He's done it three times already.

Andreas Solberg / Flickr

People under age of 21 in Oregon will have legal immunity if they report alcohol-related medical emergencies. It's one of several new laws taking effect with the New Year.

Washington Department of Labor and Industries

The new year will mean higher pay for low-wage workers in Oregon and Washington. The minimum wage in both states is set for an increase.

The minimum wage in both Washington and Oregon is tied to inflation. It's going up by 15 cents an hour in both states: to $9.47 in Washington and $9.25 in Oregon.

Get ready to shell out more money for eggs. Some Northwest stores are warning of higher egg prices as new regulations on hen houses take effect in California next month.

Kantor.JH / Wikimedia Commons

 

A perennial bill in the Oregon legislature is banning studded tires. Or taxing them because they chew up the roads.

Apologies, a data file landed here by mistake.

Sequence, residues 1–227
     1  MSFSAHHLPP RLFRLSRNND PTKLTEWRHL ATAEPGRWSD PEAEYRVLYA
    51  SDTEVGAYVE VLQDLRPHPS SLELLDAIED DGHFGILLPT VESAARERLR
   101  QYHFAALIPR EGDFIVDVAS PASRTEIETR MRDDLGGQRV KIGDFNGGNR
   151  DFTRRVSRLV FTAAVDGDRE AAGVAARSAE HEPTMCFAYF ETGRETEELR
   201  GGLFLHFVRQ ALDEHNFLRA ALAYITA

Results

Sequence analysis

Clyde Robinson / Flickr

Northwest farmers and orchardists are among the potential beneficiaries if the U.S. and Cuba normalize their relationship and the trade embargo ends. They're better among many still trying to sort out what President Obama's announcement Wednesday of changes in Cuba policy mean for them.

Oregon has failed in its attempt to recover millions from a bad investment in a for-profit university.

Katherine Hitt Flickr

 

    

Oregon is gearing up for a year-long process of crafting regulations for recreational marijuana.

The Oregon Liquor Control Commission Tuesday hired Tom Burns to lead the agency's implementation of Measure 91, which allows adults in Oregon to grow, possess, and sell marijuana under state regulation.

Chris Phan / Flickr

  The Independent Party is on the cusp of becoming Oregon’s third major political party.